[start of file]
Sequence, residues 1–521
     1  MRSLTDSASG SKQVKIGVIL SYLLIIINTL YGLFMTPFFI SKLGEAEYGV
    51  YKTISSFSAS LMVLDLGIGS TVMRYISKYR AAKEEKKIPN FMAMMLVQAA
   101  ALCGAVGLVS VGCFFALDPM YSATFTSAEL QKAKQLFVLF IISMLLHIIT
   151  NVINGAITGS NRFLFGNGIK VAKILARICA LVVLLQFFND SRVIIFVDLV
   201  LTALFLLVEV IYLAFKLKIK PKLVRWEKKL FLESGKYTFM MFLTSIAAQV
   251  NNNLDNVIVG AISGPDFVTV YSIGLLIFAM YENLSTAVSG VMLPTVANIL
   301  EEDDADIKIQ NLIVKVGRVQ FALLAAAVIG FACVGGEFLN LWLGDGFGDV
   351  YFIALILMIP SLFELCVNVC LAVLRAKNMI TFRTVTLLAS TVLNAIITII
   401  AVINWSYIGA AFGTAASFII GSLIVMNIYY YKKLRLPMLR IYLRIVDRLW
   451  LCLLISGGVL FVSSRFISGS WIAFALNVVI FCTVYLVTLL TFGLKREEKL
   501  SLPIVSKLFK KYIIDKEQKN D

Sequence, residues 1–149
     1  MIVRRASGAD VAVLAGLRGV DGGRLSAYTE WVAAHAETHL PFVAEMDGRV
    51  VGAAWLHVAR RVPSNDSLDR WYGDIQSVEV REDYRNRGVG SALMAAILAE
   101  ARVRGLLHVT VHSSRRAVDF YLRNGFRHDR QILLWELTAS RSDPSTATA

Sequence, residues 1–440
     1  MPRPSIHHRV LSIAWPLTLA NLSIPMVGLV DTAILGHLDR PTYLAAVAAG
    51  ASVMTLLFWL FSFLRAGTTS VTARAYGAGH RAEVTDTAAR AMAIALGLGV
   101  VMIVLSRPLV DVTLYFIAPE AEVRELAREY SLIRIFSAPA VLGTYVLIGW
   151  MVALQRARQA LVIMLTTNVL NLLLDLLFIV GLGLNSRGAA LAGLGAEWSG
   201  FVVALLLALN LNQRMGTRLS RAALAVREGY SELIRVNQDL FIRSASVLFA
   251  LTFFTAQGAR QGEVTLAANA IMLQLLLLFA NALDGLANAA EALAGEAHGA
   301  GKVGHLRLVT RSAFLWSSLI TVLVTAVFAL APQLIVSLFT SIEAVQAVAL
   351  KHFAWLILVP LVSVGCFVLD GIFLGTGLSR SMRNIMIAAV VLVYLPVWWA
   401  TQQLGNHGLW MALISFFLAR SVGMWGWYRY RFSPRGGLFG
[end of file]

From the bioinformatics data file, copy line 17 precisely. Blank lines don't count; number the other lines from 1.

Sequence, residues 1–440